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July On The Brink Of Breaking Grim Worldwide Weather Record

Not only is the heat on the land driving up global average temperatures but also unusually warm conditions across the world's oceans.

A far-reaching heat dome has resulted in record-shattering temperatures over the Southern United States throughout July, and dangerous heat expanded its grips into the Midwest and Northeast this week. By far, the unprecedented heat has not been limited to North America.

On Thursday, the European Union’s Copernicus Climate Change Service (C3S) announced that July’s monthly global average temperature is on track to be the highest ever reported. During the first and third weeks of July, the global average temperature was more than 2.7 degrees Fahrenheit (1.5 degrees Celsius) above preindustrial levels.

With only a few days remaining in the month, it is a near certainty that July will go down in the record books, beating the old record for the highest global average temperature that currently belongs to July of 2019.

“Unless an ice age were to appear all of sudden out of nothing, it is basically virtually certain we will break the record for the warmest July on record and the warmest month on record,” Copernicus Director Carlo Buontempo told The Associated Press.

A man runs along a small road in the outskirts of Frankfurt, Germany, as the sun rises early, July 13, 2023. July has been so hot so far that scientists calculate that this month will be the hottest globally on record and likely the warmest human civilization has seen, even though there are several days left to sweat. (AP PHOTO/MICHAEL PROBST, FILE)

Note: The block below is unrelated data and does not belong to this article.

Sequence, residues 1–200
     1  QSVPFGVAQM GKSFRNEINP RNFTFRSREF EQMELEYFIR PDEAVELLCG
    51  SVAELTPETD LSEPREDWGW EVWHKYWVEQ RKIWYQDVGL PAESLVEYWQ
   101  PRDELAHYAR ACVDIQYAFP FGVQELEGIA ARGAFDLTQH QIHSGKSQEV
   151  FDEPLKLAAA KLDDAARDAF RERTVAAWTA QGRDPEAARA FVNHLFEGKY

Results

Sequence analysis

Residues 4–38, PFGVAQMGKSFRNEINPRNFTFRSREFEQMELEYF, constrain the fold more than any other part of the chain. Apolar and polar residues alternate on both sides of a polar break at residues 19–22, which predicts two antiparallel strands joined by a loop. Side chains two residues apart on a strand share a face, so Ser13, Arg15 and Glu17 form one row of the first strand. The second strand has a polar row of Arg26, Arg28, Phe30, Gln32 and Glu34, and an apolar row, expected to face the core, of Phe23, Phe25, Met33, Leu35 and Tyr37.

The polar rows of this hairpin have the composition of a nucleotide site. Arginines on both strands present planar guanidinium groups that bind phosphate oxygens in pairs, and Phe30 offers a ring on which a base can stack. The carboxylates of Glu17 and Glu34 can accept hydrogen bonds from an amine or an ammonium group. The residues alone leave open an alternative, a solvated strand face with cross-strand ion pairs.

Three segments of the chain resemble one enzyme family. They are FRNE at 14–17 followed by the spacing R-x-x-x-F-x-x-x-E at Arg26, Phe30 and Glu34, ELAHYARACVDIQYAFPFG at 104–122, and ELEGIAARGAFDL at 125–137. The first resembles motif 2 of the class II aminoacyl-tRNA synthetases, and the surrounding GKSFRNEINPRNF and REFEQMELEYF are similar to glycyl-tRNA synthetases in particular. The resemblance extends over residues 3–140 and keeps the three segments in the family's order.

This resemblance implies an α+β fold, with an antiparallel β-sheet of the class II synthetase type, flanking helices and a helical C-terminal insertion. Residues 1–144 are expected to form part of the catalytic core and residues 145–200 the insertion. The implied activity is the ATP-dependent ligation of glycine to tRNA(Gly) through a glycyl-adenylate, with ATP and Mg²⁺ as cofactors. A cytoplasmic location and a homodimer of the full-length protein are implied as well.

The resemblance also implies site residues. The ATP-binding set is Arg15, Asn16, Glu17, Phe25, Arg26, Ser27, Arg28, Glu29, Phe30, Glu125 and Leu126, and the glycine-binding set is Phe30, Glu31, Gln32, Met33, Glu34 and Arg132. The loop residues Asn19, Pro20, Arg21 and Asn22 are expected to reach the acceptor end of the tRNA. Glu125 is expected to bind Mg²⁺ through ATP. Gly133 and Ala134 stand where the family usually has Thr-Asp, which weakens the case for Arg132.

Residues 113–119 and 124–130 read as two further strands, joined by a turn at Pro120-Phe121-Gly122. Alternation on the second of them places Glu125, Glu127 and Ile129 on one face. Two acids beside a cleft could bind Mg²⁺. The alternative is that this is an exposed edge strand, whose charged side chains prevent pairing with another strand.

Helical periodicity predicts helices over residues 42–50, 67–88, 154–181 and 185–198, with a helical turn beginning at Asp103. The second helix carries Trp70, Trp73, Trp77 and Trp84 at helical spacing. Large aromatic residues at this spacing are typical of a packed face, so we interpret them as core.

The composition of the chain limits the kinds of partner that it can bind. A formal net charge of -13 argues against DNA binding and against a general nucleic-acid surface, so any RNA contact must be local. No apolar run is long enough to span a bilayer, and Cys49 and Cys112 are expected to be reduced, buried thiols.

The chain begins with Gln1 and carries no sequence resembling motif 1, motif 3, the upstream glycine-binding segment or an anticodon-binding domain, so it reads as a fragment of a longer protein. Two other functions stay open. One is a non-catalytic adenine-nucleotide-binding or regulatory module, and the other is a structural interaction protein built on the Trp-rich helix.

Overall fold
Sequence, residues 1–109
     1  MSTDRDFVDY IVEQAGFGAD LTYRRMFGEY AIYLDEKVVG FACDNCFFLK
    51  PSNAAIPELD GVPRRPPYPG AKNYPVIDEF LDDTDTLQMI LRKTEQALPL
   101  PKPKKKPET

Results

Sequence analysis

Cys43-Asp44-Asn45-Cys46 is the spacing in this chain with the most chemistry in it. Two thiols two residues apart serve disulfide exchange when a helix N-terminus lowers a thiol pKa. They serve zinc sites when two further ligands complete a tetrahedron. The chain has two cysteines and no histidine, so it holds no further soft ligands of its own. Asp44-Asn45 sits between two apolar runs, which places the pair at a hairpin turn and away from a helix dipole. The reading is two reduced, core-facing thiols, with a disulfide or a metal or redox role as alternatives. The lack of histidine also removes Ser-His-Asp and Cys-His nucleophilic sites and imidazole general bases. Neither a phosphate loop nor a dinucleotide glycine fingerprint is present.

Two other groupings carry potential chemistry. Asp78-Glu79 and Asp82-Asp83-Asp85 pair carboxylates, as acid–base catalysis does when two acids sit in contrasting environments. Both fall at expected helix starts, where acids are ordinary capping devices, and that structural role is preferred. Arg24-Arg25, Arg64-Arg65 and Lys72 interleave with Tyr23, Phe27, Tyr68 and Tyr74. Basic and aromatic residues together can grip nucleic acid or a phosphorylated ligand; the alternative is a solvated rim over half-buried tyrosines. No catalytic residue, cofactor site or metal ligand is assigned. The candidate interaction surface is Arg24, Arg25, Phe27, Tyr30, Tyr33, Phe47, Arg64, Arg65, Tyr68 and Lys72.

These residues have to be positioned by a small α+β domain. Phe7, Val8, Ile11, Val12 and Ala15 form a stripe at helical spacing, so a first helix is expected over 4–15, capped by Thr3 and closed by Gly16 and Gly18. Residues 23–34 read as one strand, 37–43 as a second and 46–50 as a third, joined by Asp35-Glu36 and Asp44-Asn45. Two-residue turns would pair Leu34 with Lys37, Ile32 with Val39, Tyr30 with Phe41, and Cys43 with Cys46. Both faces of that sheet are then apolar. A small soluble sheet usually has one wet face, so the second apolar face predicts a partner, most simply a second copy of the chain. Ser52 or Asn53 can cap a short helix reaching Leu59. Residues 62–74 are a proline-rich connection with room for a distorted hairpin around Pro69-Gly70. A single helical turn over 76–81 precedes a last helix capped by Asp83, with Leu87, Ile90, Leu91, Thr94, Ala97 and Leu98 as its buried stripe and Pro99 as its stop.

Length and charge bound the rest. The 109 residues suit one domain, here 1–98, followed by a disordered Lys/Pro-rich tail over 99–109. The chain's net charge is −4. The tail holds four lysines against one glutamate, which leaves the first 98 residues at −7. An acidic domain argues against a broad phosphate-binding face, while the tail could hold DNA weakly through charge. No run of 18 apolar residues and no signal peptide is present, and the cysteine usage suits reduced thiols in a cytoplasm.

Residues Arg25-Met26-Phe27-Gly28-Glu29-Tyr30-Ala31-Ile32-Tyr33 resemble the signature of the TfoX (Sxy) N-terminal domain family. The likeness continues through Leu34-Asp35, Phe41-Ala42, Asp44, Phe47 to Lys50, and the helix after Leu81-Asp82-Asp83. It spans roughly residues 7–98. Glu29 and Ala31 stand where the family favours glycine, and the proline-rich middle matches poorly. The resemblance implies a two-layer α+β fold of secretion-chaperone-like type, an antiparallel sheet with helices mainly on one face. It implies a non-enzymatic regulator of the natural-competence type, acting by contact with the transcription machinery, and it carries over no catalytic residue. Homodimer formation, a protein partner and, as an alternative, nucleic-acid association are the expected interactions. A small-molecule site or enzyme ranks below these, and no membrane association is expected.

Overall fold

It’s not just the heat on the land that is driving up global average temperatures, but also unusually warm conditions across the world’s oceans.

El Niño officially developed in the Pacific Ocean in early June, according to NOAA. El Niño is a regular climate pattern that occurs when the water temperature near the equator in the eastern Pacific Ocean is at least 0.9 of a degree F (0.5 of a degree C) above the historical average for three consecutive months.

Other marine heat waves contributed to the global temperature average, including the hot tublike waters off the coast of Florida, which is raising concerns about coral bleaching.

Significant marine heat waves were also ongoing in the Northern Atlantic Ocean off the coast of Canada and in the Northern Pacific Ocean near Japan.

A map showing sea surface temperature anomalies worldwide on Wednesday, July 26, 2023. Areas of yellow, orange and red indicate where water temperatures are above the historical average, and blue represents areas where temperatures are below the historical average. (NOAA),

The widespread warmth can affect weather patterns in the coming months, particularly in the tropics.

With water temperatures above the historical average across the entire Atlantic basin, AccuWeather is predicting an active hurricane season. AccuWeather long-range expert Paul Pastelok explained that if a tropical system tracks over a pool of unusually warm water, it could lead to rapid development and strengthening, similar to Hurricane Ian as it neared landfall in Florida last September and briefly exploded into Category 5 hurricane strength.

The complete breakdown of global temperatures in July will not be published by C3S until Aug. 8.

Produced in association with AccuWeather

Edited by and

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